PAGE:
The Institute of Education Policy (IVP), analytical section of the Education Ministry, has ceased to exist from January 1, 2018. The head of the institute, Matej Šiškovič, was also sacked, the Sme daily wrote on its website.
The analysts were then transferred to the department of life-long education, the Denník N daily wrote, adding that the new bigger department will be called the “Department of Lifelong Education and Analyses of Education Policy”.
The ministry argues that after this change, “the competences in the central body will increase”. The daily adds, however, that the analysts sacked or transferred has suggested great and deep changes like cancelling small schools, increasing teachers’ salaries and alarm the about worsening results of Slovak students.
The new head of the analysts has not been picked yet, ministry informed.
Reactions: Cancelling IVP a step back
“Scrapping the Institute of Education Policy is bad news for the Value for Money, professional state administration and for education reform,” commented Štefan Kišš, as quoted by Denník N.
Kišš is the head of the Value for Money project at the Finance Ministry, aimed at optimising public administration. Along with economist Ľudovít Ódor and the late economist Martin Filko, Kišš is the co-author of the reform project Value for Money, which is part of Prime Minister Robert Fico's third cabinet.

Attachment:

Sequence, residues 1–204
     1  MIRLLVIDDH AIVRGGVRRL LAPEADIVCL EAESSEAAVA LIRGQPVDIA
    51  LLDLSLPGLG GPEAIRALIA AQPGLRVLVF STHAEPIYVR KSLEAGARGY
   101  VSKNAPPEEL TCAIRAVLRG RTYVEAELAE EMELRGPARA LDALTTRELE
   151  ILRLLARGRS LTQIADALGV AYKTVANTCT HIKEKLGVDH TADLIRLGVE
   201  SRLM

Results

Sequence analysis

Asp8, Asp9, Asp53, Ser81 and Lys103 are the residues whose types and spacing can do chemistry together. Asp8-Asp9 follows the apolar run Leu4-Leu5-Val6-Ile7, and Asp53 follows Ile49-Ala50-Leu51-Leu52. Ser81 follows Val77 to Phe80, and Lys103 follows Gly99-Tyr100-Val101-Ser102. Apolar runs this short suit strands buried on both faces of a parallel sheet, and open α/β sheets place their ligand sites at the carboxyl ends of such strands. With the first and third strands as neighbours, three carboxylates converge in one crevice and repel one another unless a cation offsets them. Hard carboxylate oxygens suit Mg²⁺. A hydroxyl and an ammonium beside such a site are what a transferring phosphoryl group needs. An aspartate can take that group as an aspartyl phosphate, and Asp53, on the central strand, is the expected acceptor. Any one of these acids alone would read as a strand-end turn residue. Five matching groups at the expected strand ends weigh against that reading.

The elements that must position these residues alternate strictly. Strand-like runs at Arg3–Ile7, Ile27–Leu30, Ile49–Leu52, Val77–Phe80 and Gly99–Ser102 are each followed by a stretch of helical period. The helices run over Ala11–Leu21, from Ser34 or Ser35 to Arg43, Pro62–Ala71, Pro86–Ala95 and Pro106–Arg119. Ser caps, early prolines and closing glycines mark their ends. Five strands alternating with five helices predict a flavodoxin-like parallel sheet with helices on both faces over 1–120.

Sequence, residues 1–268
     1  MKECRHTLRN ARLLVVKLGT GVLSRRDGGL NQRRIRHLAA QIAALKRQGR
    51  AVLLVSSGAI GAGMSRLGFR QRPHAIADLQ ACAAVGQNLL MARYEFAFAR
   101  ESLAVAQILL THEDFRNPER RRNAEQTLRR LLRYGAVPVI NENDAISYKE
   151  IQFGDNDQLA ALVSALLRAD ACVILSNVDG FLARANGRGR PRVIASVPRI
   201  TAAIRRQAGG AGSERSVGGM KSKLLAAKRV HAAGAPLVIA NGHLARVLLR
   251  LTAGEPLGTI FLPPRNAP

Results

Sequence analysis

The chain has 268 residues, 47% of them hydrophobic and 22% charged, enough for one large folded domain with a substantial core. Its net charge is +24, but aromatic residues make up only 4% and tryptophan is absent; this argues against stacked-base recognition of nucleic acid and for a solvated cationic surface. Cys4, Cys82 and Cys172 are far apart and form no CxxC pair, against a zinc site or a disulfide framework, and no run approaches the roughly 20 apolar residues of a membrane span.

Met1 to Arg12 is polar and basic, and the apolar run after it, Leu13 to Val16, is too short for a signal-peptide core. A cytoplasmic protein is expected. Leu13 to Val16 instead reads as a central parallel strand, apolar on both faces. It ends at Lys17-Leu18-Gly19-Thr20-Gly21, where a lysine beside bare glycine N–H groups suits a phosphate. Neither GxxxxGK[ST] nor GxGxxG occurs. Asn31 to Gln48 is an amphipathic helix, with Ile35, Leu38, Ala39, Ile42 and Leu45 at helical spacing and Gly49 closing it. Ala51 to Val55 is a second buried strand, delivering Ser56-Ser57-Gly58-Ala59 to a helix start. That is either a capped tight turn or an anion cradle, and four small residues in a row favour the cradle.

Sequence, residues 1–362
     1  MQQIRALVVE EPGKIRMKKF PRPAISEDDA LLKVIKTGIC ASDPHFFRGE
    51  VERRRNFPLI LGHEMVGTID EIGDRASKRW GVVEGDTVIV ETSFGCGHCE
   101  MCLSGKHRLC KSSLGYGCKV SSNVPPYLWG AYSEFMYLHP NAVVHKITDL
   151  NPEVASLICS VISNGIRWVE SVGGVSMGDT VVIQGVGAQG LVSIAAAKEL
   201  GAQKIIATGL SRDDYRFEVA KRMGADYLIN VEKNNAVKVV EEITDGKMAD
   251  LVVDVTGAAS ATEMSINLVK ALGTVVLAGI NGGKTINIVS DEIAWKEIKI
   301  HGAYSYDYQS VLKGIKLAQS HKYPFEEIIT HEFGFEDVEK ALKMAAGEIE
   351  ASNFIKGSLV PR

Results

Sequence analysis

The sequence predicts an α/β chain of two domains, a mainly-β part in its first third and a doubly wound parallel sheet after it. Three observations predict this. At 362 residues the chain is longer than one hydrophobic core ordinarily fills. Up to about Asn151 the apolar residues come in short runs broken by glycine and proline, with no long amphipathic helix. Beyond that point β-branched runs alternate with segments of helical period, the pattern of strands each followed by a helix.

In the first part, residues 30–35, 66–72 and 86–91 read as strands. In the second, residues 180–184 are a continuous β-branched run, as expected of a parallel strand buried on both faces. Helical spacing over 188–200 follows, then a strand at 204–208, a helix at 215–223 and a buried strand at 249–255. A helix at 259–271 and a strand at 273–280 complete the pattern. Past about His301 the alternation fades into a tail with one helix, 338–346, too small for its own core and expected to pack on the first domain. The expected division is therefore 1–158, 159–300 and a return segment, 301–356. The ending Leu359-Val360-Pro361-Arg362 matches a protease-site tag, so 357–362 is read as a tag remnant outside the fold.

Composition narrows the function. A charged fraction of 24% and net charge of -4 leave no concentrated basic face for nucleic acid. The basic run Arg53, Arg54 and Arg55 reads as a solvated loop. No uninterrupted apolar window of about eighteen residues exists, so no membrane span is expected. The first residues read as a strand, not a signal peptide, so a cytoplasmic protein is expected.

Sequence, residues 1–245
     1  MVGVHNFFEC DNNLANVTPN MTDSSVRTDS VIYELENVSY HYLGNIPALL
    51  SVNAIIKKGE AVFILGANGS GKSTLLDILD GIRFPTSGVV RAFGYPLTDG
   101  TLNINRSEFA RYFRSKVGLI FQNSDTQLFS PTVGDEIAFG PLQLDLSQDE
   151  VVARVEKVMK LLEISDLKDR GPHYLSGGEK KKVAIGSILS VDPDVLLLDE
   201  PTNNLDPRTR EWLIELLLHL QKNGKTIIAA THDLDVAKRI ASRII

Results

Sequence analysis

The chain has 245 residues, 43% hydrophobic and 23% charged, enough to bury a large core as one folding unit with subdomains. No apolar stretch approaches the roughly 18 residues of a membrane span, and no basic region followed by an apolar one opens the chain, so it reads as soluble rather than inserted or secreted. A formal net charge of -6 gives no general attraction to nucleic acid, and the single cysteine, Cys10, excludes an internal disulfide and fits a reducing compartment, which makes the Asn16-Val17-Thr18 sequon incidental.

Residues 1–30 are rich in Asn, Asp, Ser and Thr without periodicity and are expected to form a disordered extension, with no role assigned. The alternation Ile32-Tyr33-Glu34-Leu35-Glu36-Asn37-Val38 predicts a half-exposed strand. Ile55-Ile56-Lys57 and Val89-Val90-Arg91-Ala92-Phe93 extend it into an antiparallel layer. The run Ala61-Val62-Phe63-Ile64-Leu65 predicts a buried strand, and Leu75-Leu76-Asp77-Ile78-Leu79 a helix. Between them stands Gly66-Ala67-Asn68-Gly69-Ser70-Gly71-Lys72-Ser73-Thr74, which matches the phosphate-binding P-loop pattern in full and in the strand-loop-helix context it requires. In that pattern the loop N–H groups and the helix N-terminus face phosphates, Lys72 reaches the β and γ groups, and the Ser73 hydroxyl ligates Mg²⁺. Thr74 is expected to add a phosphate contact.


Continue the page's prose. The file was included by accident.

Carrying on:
“To sack the head of the IVP may be a matter of managerial taste,” Kišš added for Denník N. “But to cancel an entire well-functioning institution is a matter of showing-off and doing it during holidays, weekends and without warning is extreme. At a time when we are making efforts to establish such bodies in the state, scrapping the IVP is a great step back.”
The IVP appeared in Inštitút 2013, under minister Dušan Čaplovič (of the ruling Smer party). It also participated in the 2017 Learning Slovakia reform of the education system.
Freedom and Solidarity (SaS) MP and party team-leader for education, Branislav Gröhling, also slammed the step. It is in stark contrast to the law on conflict of interest and with the government manifesto, he said, as quoted by the TASR newswire.
3. Jan 2018 at 13:06 | Compiled by Spectator staff